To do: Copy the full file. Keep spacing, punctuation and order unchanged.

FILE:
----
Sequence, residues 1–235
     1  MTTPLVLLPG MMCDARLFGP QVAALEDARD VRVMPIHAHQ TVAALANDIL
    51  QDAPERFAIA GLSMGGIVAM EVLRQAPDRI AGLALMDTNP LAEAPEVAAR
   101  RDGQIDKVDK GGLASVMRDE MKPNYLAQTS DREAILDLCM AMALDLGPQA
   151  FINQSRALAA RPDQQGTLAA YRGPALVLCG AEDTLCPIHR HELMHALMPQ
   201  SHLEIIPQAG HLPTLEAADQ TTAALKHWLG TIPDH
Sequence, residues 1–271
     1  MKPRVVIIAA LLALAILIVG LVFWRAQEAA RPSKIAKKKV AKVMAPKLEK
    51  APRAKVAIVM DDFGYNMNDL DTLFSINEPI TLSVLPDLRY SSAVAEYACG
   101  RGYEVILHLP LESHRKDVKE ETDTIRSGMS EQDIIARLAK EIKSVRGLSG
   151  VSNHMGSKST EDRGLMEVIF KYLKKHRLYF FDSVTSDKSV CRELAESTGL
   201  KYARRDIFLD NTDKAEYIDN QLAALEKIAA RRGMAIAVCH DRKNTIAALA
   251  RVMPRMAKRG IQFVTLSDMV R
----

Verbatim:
Sequence, residues 1–235
     1  MTTPLVLLPG MMCDARLFGP QVAALEDARD VRVMPIHAHQ TVAALANDIL
    51  QDAPERFAIA GLSMGGIVAM EVLRQAPDRI AGLALMDTNP LAEAPEVAAR
   101  RDGQIDKVDK GGLASVMRDE MKPNYLAQTS DREAILDLCM AMALDLGPQA
   151  FINQSRALAA RPDQQGTLAA YRGPALVLCG AEDTLCPIHR HELMHALMPQ
   201  SHLEIIPQAG HLPTLEAADQ TTAALKHWLG TIPDH
Sequence, residues 1–271
     1  MKPRVVIIAA LLALAILIVG LVFWRAQEAA RPSKIAKKKV AKVMAPKLEK
    51  APRAKVAIVM DDFGYNMNDL DTLFSINEPI TLSVLPDLRY SSAVAEYACG
   101  RGYEVILHLP LESHRKDVKE ETDTIRSGMS EQDIIARLAK EIKSVRGLSG
   151  VSNHMGSKST EDRGLMEVIF KYLKKHRLYF FDSVTSDKSV CRELAESTGL
   201  KYARRDIFLD NTDKAEYIDN QLAALEKIAA RRGMAIAVCH DRKNTIAALA
   251  RVMPRMAKRG IQFVTLSDMV R